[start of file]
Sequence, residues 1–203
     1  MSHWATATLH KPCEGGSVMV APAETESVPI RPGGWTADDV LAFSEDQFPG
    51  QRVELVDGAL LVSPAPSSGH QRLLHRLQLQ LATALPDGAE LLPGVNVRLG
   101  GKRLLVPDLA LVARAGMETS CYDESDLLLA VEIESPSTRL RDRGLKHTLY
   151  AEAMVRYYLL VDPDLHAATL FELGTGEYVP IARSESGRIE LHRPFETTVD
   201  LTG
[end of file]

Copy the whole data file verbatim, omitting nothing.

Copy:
Sequence, residues 1–203
     1  MSHWATATLH KPCEGGSVMV APAETESVPI RPGGWTADDV LAFSEDQFPG
    51  QRVELVDGAL LVSPAPSSGH QRLLHRLQLQ LATALPDGAE LLPGVNVRLG
   101  GKRLLVPDLA LVARAGMETS CYDESDLLLA VEIESPSTRL RDRGLKHTLY
   151  AEAMVRYYLL VDPDLHAATL FELGTGEYVP IARSESGRIE LHRPFETTVD
   201  LTG